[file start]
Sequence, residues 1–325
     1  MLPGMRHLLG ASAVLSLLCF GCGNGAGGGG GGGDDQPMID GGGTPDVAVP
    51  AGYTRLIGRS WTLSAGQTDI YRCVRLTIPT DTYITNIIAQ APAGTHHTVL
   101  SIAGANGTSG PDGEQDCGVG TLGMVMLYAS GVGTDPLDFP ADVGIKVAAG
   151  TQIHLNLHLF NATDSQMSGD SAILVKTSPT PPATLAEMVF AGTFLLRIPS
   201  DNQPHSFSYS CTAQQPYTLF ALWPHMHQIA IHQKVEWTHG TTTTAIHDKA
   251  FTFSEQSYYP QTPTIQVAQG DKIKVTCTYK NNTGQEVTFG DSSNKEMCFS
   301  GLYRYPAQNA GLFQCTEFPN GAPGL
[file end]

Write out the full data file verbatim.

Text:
Sequence, residues 1–325
     1  MLPGMRHLLG ASAVLSLLCF GCGNGAGGGG GGGDDQPMID GGGTPDVAVP
    51  AGYTRLIGRS WTLSAGQTDI YRCVRLTIPT DTYITNIIAQ APAGTHHTVL
   101  SIAGANGTSG PDGEQDCGVG TLGMVMLYAS GVGTDPLDFP ADVGIKVAAG
   151  TQIHLNLHLF NATDSQMSGD SAILVKTSPT PPATLAEMVF AGTFLLRIPS
   201  DNQPHSFSYS CTAQQPYTLF ALWPHMHQIA IHQKVEWTHG TTTTAIHDKA
   251  FTFSEQSYYP QTPTIQVAQG DKIKVTCTYK NNTGQEVTFG DSSNKEMCFS
   301  GLYRYPAQNA GLFQCTEFPN GAPGL